Gransnet forums


Long term relationships

(10 Posts)
Jane10 Sat 06-Jul-19 13:54:39

I'm currently reading Gogglesbox's Giles and Mary's diary. They are an apparently unlikely couple but have been married for 30+ years. Mary puts forward an interesting theory: people living in the 70s had to just watch whatever was on TV. No alternative channels. They put up with the boring or irritating bits because better things would come on. Nowadays we can flit between channels and networks, pause, fast forward, eject. So many choices. Is it, therefore, that modern viewers are too impatient to stick with the boring or irritating bits in marriage and seek an instant improvement of their own choice?
Slightly far fetched but I could see what she meant.
The diary they wrote is very entertaining. There's more to Giles than there might seem!

paddyann Sat 06-Jul-19 14:25:58

I've often thought some folk live their lives by what they see on TV and in films.First sign of any problem and its over ,I have young friends who were together since school and they are splitting now when their child is 5 ...apparently its not been "the same" since the baby was born!! Someone should have warned them that weekends away and parties until dawn were on the line BEFORE they decided on a baby .Sadly these "young" freinds are not teenagers they're mid 30's and their priority appears to be their social life not their family.They WILL stay friends though and still have nights out together because THATS still fun and they really get on well.....??

stella1949 Sat 06-Jul-19 14:27:03

I was married in the 70's like many here. Yes, we were expected to put up with the bad bits ."You've made your bed, you should lie in it" was common advice by parents to their daughters and sons.

When I look back I can honestly say that I should have left my 1st husband in the first year - his behaviours were appalling and I felt trapped. I used to plot to leave and go "back home" but my parents would have simply told me to go back to my husband . With no alternatives, I stuck it out for another two decades before I was able to leave and make a new life.

I don't blame the young ones for having no patience for the "irritating bits in marriage" . I doubt that they leave for no good reason , but they are rightly unwilling to put up with the awful behaviours which we, their mothers, tolerated because of social pressure and parental disapproval. Good for them.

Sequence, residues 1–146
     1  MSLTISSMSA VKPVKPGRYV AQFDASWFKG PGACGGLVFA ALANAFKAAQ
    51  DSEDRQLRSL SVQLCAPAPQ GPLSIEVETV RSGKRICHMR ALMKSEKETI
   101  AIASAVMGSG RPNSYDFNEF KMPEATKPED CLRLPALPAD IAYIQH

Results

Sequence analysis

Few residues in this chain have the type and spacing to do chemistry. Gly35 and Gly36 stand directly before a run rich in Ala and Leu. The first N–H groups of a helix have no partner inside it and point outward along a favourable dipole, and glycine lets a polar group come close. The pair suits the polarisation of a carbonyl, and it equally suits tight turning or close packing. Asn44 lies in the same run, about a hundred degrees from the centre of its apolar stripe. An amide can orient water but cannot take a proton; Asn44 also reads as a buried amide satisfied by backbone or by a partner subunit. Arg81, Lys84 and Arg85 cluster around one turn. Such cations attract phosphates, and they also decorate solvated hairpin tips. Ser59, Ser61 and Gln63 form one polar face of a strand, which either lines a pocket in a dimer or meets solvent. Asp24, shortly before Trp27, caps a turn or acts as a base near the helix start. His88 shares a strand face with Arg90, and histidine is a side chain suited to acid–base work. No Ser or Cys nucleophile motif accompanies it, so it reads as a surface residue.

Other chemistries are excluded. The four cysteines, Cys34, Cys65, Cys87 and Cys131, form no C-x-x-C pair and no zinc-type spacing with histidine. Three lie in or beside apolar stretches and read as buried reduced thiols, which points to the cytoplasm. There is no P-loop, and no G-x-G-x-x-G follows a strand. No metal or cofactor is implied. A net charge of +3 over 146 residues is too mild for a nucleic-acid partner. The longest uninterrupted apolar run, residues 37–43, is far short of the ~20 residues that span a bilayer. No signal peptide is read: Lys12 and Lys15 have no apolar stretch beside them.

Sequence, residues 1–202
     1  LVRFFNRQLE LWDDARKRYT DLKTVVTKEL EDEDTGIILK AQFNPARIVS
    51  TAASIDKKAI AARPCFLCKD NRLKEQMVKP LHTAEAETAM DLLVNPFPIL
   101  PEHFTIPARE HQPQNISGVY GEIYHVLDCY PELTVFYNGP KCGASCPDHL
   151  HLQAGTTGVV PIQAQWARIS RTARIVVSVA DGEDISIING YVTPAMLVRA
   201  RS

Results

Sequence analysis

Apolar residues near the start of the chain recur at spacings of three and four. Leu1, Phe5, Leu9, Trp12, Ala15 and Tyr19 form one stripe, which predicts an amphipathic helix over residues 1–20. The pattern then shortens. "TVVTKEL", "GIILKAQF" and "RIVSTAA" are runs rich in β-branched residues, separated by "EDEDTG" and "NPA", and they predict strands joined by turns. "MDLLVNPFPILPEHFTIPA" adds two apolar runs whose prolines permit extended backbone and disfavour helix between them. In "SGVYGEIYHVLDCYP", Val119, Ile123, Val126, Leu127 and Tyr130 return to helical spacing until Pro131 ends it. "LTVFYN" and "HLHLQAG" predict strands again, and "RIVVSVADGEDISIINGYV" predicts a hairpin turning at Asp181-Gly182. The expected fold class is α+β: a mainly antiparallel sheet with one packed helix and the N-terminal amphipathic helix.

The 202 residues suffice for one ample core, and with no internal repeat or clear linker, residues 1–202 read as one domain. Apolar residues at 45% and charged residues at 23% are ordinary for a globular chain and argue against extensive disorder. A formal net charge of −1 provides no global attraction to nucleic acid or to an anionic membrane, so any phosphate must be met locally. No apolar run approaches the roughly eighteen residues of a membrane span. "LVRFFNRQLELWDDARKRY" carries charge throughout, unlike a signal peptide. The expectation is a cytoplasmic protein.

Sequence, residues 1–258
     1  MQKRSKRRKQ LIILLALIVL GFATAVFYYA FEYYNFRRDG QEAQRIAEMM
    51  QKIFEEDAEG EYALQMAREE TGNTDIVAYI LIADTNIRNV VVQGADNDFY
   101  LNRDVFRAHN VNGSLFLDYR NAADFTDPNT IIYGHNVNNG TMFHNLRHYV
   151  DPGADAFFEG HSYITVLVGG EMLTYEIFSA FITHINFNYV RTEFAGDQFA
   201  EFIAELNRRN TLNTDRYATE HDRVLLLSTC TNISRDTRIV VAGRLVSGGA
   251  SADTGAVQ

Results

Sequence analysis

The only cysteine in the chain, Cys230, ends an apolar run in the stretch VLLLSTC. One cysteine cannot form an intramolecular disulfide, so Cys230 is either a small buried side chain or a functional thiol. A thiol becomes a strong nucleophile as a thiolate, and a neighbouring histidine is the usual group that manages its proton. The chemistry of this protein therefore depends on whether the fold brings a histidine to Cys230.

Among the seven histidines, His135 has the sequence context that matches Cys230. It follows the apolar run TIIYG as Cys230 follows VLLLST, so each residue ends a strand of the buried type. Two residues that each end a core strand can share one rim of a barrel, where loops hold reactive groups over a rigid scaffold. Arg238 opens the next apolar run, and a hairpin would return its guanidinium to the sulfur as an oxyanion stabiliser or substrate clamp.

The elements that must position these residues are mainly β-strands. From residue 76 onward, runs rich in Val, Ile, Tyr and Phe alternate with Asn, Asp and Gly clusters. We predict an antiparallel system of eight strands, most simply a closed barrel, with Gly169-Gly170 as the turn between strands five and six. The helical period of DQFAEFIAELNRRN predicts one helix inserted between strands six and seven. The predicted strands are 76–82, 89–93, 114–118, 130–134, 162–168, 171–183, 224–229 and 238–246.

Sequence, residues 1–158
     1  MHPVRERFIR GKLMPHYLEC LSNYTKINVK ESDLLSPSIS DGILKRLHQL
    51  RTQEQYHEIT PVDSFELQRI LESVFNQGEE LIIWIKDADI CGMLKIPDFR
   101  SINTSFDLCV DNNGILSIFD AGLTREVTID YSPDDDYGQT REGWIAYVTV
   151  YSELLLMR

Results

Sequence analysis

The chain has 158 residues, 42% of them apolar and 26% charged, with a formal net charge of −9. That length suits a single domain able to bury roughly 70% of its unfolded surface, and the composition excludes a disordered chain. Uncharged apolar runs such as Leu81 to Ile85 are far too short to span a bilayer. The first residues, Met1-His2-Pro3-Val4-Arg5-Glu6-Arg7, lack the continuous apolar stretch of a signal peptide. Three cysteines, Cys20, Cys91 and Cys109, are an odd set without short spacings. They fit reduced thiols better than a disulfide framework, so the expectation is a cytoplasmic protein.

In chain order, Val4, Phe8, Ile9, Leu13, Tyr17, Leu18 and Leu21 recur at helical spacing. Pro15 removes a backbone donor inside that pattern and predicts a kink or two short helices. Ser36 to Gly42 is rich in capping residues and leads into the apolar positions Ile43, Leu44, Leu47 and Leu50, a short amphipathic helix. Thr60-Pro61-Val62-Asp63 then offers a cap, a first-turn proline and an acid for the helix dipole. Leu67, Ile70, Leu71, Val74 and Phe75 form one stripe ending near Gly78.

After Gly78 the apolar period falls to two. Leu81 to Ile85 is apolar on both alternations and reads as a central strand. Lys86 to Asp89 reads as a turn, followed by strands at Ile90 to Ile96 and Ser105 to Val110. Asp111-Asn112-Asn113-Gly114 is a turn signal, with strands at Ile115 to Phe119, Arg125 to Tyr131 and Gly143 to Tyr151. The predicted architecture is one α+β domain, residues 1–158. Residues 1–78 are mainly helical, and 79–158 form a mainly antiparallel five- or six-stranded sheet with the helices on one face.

Jane10 Sat 06-Jul-19 14:33:49

DD has a friend with young children who is always waiting for a perfect man to come along and sweep her off her feet in a rosy cloud of romance. The children have both got different dads who she got sick of after huge weddings with attendant fuss. Not bad men just 'boring'! I don't know. Sighs.

Septimia Sat 06-Jul-19 14:51:04

There are many irritants when one first sets up home with someone else. Most of them can be worked through and resolved. Some are much more serious and separation is the only answer. My dad would have hauled me home if my husband had been violent to me, but would have sent me back if the problem was only which television programme to watch or which way round to hang the toilet roll!
Many of today's youngsters seem incapable of working out and working through the minor problems and just chuck everything away. Often they lose more than they gain.
How happy I am that I stuck it out through the irritations and now live contendedly with a DH who is also my best friend, who shares most of my history, who understands me, who shares many of my interests....
Of course we still differ over some things, but they don't matter.

Septimia Sat 06-Jul-19 14:52:20

live contentedly !!

Jane10 Sat 06-Jul-19 15:10:25

There is certainly something about having a shared history which means a lot. The origins of a daft phrase or family joke. Shared hard times and big worries as well as shared happy memories. A few hours or even days every now and then of being irritated or annoyed by a DH is a small price to pay for these.
Obviously, major things like violence or cruelty in any form is unacceptable but, happily, many relationships are not blighted by these.

EllanVannin Sat 06-Jul-19 15:31:50

Ideally, the women and men of course should only think of having a family when in their 40's then there wouldn't be so many unwanted pregnancies/children. This generation specifically. Too many enjoy the single life as well as the nightlife.

One dreadful newspaper article this week highlighted a selfish monster who murdered her child because it " got in the way ".

NanaandGrampy Sat 06-Jul-19 16:30:16

I think there is a huge gap with staying with someone who abuses you or treats you terribly and just not trying. Too often younger married people seem unable to compromise and communication seems to be a dirty word too.

It comes up often on GN where people take opposing stances, come here to 'ask for advice' but maybe should have parked their pride and sat down and had a frank conversation.

Mt gran used to say 'Pride wont keep you warm on a cold night' - she had a point.

eazybee Sat 06-Jul-19 18:30:28

There used to be a great deal of advice about how it was better to leave an unhappy marriage, make a fresh start, better for the children etc, etc. Now people are seeing that frequently the only result of divorce is the exchange of one set of problems for another.
Really, it boils down to choosing the right partner.